Young love

It’s not hard to give a ballpark description of Young Widows’ sound, but pinpointing it is a whole other ball game.

“It’s heavy rock music, but it’s not classic rock and it’s not metal,” singer and guitarist Evan Patterson said. “There’s this gray area that doesn’t get explored because people want to belong to these genres or subgenres, but they lose sight of making new music, and that’s my whole goal with all of this: to make music I haven’t heard before.”

The core of Kentucky musicians used to have a more clear-cut sound. Young Widows arose from the shell of hard-core’s Breather Resist after its front man left. When Patterson and bassist Nick Thieneman took to sharing vocal duties, the sound became an amorphous blend of Swans, Nick Cave and Pink Floyd, while retaining something specific to only them.

“I want to be in a band that you can’t really compare to anything else,” Patterson said.

The only overarching theme is heaviness, which grew into darkness with the band’s latest disc, “In and Out of Youth and Lightness,” as Patterson fought through major life changes in the time between it and 2008’s “Old Wounds.”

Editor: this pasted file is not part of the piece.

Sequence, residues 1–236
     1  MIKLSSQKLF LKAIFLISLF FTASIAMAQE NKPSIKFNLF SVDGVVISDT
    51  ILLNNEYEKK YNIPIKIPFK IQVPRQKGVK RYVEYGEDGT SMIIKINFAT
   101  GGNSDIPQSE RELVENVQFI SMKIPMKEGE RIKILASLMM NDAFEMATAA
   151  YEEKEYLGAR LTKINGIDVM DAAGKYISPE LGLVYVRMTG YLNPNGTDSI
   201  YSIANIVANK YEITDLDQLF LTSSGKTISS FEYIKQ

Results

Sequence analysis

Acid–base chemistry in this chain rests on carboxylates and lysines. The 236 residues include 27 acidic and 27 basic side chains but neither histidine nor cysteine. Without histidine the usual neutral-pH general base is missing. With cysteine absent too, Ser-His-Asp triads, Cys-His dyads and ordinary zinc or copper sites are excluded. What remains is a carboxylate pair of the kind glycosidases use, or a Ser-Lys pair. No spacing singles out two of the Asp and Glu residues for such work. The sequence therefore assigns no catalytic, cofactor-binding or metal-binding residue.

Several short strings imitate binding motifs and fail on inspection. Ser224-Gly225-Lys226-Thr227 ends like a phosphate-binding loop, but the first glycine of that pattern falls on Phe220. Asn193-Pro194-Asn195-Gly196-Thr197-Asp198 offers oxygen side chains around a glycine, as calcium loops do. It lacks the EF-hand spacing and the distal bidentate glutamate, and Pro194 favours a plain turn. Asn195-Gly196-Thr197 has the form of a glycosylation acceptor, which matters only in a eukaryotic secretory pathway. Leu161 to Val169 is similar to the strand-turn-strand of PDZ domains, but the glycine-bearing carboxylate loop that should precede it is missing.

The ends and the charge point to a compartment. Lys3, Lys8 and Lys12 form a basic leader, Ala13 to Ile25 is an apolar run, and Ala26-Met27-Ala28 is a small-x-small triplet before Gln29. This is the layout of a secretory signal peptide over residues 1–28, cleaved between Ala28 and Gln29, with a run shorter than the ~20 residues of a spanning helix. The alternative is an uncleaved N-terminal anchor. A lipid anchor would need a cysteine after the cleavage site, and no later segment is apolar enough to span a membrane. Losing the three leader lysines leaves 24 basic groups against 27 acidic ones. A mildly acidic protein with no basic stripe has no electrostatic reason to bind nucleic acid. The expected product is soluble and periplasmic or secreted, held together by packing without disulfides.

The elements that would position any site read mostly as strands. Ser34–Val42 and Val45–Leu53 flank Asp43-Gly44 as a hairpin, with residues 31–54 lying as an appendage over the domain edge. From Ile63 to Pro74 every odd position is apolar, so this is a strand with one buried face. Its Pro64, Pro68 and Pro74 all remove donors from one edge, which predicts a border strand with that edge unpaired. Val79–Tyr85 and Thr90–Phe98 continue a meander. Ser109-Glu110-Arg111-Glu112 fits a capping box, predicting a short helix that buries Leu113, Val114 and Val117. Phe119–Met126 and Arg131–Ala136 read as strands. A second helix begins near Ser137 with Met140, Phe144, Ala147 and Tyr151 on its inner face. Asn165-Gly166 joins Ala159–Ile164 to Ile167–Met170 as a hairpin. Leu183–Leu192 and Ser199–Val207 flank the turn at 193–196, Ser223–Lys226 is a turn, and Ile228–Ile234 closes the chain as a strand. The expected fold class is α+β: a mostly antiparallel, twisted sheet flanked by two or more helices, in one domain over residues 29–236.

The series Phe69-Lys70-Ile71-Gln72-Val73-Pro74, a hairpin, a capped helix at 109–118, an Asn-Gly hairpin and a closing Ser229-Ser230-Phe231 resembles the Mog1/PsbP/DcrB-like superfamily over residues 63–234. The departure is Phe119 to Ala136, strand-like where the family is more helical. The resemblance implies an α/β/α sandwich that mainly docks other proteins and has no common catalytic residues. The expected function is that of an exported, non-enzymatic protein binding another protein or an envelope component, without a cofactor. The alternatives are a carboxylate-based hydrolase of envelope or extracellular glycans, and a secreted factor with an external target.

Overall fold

“It was an important record for me to get out there. I went through a divorce about two years ago, and this kind of got it off my back,” he said. “My mood, as far as I was emotionally and physically, kind of came through in the songwriting. I was in a dark place, and I’m not going to be writing happy songs when I’m drinking all day and barely getting by, really.”

The result is the darkest, but also most progressive album yet, as the crew tinkered with vocal distortion and guitar-track layering for the first time in the studio.

“There were doors that were opened,” Patterson said, “a sound that we never had before that we can dip into and do more things with. Those sort of things were exciting to do and try out, because in the past, we haven’t tried those things out at all.”

The group took the new songs out on an East Coast jaunt weeks ago, which now brings them to the west, including Thursday’s stop at The Conservatory. Already, Young Widows salivate at the prospect of recording a new album, one that likely will carry forward with sonic changes, but somewhat ease out some of the gloom.

“All you do is grow in life, and it’s always going to progress, whether fans like it or not,” Patterson said. “It’s only natural to make a record that doesn’t come from the same ideas we used in the past. I want to play music I can play when I’m 50 years old, not music that I’m playing to 18-year-olds in an all-ages club in the middle of nowhere.”

Joshua Boydston

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